On its way, theoretically, to becoming a Fairy Garden, a child size bench and a chair painted a light green, with multicolor polka dots, are nestled amont the paths.  An abandoned bird cage found a home among the branches, and shines when the sun is slanted in the right position.  Yet to come, if all turns out as planned, are some colorful little “road” signs, some gourd bird-houses, some sparkly things to attract attention.

There are both cardinals and bluejays, among all kinds of birds.   They argue noisely over air rights and landing branches.  Rabbits and groundhogs make homes in the garden.  The deer wander through nibbling here and there in winter.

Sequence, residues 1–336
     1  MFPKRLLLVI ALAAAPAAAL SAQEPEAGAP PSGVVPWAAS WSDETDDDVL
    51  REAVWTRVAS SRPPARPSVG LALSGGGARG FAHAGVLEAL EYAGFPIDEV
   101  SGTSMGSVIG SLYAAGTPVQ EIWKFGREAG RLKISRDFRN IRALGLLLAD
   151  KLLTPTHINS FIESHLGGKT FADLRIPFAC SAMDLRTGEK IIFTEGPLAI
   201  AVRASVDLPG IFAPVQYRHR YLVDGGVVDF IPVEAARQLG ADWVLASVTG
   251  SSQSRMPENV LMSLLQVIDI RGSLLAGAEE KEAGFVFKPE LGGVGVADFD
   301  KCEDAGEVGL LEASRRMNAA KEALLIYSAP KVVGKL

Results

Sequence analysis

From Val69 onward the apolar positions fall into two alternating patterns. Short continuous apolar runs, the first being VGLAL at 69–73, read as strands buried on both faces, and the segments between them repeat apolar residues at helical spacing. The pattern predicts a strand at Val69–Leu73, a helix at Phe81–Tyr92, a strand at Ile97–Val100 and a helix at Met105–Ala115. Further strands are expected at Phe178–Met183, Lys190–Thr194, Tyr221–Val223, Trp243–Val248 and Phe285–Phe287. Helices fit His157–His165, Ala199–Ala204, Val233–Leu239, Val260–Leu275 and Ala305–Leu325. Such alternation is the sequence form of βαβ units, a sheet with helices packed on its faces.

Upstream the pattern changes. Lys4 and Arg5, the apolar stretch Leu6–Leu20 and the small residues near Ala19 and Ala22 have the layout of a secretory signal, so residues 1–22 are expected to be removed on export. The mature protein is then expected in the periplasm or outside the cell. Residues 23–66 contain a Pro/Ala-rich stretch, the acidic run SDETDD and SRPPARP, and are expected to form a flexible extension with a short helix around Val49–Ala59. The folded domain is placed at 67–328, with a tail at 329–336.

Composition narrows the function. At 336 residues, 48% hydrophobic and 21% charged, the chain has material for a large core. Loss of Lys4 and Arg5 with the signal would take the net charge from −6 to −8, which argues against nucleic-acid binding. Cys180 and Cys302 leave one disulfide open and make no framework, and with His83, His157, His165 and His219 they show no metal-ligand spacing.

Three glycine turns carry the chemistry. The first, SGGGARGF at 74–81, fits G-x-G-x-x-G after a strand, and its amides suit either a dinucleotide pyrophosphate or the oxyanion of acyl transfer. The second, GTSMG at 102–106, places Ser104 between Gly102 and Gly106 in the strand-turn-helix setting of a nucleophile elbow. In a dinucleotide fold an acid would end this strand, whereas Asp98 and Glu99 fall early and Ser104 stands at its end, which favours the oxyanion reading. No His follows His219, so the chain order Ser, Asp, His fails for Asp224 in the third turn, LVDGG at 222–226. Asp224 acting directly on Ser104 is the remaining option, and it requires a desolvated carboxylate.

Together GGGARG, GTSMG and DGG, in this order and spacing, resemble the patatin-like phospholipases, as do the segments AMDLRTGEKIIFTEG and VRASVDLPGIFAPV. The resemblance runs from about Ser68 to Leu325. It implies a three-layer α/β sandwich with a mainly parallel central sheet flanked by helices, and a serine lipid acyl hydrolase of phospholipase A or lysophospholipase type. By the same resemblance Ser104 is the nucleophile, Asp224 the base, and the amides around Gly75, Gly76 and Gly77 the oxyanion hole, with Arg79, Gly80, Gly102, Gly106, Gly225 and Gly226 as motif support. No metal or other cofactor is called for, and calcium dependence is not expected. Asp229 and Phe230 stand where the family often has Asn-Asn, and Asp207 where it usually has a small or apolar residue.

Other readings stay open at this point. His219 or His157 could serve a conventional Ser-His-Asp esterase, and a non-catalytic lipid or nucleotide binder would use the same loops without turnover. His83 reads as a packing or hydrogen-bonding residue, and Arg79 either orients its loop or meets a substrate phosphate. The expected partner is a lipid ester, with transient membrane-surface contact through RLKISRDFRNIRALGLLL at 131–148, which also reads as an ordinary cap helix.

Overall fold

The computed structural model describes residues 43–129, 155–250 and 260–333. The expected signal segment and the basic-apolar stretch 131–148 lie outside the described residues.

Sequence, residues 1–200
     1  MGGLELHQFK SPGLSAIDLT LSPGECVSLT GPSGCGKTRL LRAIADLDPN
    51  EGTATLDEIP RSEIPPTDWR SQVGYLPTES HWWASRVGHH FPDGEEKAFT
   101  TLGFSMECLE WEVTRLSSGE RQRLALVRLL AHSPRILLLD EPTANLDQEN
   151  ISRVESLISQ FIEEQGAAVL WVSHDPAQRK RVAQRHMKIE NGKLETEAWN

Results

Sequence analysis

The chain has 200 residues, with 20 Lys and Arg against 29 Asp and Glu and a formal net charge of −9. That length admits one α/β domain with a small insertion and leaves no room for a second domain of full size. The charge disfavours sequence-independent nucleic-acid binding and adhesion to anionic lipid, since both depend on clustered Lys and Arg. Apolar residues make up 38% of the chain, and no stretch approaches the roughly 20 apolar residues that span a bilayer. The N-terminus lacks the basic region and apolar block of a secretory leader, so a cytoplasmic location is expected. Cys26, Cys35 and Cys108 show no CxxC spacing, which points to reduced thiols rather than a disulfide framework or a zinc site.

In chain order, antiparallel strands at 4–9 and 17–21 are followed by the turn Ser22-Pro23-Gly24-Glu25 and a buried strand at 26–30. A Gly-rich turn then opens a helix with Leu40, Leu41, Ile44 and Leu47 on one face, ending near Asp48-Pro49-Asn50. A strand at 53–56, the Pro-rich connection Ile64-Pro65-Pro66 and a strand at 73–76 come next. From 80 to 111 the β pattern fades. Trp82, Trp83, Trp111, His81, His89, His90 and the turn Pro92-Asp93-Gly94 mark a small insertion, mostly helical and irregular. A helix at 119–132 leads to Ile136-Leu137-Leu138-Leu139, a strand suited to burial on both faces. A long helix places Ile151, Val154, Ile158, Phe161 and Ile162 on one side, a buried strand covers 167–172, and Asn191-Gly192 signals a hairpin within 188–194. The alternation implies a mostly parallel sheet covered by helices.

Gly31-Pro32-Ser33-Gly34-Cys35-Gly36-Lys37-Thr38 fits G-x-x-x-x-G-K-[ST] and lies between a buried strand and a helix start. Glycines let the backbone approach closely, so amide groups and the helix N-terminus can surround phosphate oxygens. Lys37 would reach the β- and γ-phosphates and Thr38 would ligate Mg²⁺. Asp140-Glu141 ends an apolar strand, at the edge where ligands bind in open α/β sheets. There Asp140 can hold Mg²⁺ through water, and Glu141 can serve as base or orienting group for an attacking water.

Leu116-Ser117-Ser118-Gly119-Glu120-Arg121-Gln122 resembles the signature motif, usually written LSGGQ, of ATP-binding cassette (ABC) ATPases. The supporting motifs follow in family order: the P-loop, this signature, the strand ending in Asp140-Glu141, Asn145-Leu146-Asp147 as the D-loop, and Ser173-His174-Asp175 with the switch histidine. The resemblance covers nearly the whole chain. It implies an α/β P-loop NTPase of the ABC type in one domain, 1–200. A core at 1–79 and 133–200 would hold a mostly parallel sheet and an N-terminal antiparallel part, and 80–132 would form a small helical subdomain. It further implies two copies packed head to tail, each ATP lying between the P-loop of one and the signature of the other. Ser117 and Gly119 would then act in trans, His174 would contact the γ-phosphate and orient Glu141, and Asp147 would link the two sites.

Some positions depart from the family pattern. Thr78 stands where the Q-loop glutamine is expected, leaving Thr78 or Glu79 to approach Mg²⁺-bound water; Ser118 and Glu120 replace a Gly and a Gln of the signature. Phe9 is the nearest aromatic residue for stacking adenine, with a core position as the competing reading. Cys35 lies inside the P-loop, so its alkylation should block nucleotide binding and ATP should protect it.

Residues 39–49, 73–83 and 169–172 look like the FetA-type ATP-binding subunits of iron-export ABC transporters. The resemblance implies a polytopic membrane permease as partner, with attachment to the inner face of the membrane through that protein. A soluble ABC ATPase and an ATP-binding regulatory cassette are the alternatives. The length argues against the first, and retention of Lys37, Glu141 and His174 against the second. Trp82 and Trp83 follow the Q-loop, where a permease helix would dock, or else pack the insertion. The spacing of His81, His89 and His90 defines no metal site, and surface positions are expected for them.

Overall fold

What is that saying about a garden?

…… to be continued.

The Great Cat Caper, Shelter Edition

Getting the Cats and Building the Shelter:

We have a big feral cat population here in our neighborhood, or I should say more accurately we DID have a problem number of cats last year.   Originally there were three kittens dropped off by some inconsiderate person in our front yards.  They disappeared for a year or so, then all came back.  A year ago there were a lot of kittens here, but the APL (Animal Protective League) came and collected all of the adult cats and took them away to be spayed or neutered.    The option to have them return, or to have the APL find homes for them, was ours.  Many of the kittens were put up for adoption, but most of the adult cats came back here to “the compound” to live in their original colonies.